Episodes of the Nobel Prize ceremonies and speeches are available. The episodes show prestigious events, and highlight the discoveries and contributions made to humankind. Nobel laureates from all subject areas — Medicine, Physics, Chemistry, Economics Sciences, and Literature — provide insight into what gives them drive and creativity, illustrating their potential impact globally and serving as a source of inspiration at many levels. The 2014 Nobel Prize in chemistry was awarded for the development of super-resolved fluorescence microscopy, which has made visible essential details and movements of the molecules of life. This microscopy technique has implications for other scientific and medical disciplines.

Nobel Dialogue on “Genetics Revolution” to Take Place Outside Sweden for the First Time

The first Nobel Prize Dialogue to occur outside Sweden will be held in Tokyo on Mar. 1, 2015. Organized between Nobel Media and the Japan Society for the Promotion of Science, the conference aims to bring science and society closer together. Inspired by Nobel Week Dialogue, which has taken place in Sweden since 2012 on the day before the Nobel Prize Ceremony, the conference will be a high‐level celebration of the power of ideas focused on the topic "The Genetic Revolution and its Future Impact." Event participants will explore the societal implications of developments in genetics, genomics and their potential applications focusing on personalised medicine, genetically modified organisms and human evolution. There also will be specific panel discussions addressing genetics and genomics in Asian countries. Participants can ask questions, at the venue and online, engaging in a dialogue that will continue after the conference closes. The ‘free-to-attend’ conference is open to anyone interested in participating in discussions with Nobel Laureates, other prominent scientists, key policy makers and opinion leaders. A webcast is planned.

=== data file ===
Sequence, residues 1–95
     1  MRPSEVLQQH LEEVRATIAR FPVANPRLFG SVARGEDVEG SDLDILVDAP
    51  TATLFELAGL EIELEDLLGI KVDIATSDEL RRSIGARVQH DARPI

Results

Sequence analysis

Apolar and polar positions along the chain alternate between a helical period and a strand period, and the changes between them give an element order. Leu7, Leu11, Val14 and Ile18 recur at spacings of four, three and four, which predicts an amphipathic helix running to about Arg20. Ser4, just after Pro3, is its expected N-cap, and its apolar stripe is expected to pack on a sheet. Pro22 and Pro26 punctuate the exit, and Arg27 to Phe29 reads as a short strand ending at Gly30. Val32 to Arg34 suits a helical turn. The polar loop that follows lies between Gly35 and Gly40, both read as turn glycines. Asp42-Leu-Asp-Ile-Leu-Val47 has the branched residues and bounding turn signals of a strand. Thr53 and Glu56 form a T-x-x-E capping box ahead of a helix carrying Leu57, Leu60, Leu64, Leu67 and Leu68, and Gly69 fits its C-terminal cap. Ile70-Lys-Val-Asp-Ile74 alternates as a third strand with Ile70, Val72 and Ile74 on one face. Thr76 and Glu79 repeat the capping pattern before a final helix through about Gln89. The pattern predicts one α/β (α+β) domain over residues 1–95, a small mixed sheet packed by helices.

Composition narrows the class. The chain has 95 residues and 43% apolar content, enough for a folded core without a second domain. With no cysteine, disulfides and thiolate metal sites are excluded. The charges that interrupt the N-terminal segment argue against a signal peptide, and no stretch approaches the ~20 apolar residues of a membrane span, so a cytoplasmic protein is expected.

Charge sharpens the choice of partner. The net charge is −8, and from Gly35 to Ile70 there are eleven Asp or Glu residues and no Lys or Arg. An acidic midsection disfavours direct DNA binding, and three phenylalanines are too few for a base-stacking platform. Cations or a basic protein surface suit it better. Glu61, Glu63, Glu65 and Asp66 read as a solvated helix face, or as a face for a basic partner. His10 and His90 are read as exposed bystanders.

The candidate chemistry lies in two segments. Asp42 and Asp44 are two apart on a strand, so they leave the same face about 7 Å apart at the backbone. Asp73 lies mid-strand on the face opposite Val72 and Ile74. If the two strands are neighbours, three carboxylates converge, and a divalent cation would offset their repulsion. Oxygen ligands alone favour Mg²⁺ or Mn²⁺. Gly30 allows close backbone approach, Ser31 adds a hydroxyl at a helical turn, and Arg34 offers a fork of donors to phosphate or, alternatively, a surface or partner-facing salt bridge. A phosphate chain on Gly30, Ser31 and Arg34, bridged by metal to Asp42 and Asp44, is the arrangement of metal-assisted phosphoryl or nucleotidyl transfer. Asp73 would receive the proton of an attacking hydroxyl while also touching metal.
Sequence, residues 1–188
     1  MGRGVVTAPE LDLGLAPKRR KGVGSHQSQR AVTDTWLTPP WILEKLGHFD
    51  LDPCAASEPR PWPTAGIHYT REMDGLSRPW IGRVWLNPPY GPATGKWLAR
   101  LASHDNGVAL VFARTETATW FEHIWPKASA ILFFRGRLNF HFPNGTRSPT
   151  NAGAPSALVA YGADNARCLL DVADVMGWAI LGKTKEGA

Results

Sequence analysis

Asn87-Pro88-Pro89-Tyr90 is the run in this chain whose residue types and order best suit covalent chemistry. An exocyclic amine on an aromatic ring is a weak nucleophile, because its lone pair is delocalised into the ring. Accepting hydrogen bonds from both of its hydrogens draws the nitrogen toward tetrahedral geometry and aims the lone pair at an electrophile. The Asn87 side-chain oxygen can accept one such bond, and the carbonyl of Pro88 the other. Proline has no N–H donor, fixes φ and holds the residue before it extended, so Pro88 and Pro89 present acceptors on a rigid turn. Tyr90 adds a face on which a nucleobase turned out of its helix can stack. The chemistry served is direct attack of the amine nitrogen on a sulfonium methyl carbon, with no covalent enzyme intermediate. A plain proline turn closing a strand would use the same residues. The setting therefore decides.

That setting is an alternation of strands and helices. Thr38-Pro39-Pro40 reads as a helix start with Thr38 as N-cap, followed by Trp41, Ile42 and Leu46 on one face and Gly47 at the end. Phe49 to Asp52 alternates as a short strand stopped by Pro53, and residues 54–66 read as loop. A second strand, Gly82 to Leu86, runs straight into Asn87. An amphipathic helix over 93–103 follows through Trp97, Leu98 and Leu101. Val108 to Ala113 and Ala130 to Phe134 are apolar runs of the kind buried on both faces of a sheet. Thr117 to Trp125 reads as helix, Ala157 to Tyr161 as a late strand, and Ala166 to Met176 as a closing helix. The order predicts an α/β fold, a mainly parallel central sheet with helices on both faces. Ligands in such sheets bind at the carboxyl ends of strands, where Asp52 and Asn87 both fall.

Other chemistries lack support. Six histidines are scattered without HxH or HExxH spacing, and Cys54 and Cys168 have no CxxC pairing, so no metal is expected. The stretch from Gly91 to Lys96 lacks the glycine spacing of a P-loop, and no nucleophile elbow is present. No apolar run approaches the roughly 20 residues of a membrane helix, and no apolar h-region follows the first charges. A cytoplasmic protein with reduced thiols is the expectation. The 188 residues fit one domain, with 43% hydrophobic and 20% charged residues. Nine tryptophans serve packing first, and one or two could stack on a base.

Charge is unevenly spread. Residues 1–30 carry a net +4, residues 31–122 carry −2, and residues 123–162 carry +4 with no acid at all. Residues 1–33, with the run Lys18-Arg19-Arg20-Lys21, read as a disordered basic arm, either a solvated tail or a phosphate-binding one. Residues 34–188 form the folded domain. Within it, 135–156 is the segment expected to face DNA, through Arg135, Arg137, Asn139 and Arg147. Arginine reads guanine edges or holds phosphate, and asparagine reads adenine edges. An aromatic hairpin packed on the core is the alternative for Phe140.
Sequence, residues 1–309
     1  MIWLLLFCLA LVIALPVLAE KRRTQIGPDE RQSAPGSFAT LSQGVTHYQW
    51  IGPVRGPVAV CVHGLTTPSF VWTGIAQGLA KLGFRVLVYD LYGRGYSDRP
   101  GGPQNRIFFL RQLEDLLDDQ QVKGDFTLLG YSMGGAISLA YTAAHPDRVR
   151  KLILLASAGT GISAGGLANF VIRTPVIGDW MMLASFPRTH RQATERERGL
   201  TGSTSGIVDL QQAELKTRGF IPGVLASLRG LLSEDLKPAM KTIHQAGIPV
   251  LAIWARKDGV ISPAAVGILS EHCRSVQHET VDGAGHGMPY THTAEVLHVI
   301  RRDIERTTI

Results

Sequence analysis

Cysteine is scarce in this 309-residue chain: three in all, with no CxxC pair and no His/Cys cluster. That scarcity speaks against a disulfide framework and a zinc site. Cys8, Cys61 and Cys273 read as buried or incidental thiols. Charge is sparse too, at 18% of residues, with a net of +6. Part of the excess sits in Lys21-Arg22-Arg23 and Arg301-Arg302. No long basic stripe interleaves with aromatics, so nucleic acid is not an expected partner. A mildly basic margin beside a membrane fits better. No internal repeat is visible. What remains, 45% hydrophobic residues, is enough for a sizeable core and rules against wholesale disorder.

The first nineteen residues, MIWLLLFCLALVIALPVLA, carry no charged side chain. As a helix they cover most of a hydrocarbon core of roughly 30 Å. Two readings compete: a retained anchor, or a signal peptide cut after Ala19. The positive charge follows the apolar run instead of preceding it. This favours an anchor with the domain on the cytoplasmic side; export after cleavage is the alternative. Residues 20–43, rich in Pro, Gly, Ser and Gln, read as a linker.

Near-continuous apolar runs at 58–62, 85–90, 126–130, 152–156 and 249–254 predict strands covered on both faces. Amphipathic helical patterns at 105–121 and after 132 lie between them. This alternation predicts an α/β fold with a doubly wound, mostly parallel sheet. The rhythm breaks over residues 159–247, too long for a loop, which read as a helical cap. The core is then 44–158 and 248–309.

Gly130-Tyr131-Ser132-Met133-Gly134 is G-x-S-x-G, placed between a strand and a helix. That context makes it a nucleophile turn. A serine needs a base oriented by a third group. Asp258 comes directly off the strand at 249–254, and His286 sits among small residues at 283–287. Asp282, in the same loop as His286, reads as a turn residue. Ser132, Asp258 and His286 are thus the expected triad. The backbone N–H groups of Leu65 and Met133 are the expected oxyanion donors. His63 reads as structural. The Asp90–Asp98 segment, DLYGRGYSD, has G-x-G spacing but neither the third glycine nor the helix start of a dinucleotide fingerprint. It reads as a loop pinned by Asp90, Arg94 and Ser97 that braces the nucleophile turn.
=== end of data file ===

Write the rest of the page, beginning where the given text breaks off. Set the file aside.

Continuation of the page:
Most Cancer is Beyond One’s Control

In a paper published in Science, scientists Christian Tomasetti and Bert Vogelstein from Johns Hopkins University describe a new factor, a tissue’s stem cells, that may explain as much as two-thirds of the difference in cancer risk between different tissues. The more likely a tissue’s stem cells are to divide and develop DNA errors or mutations leading to uncontrolled growth, the more likely that tissue is to develop tumors.


AABB Submits Comments on FDA Draft Guidance: Same Surgical Procedure Exceptions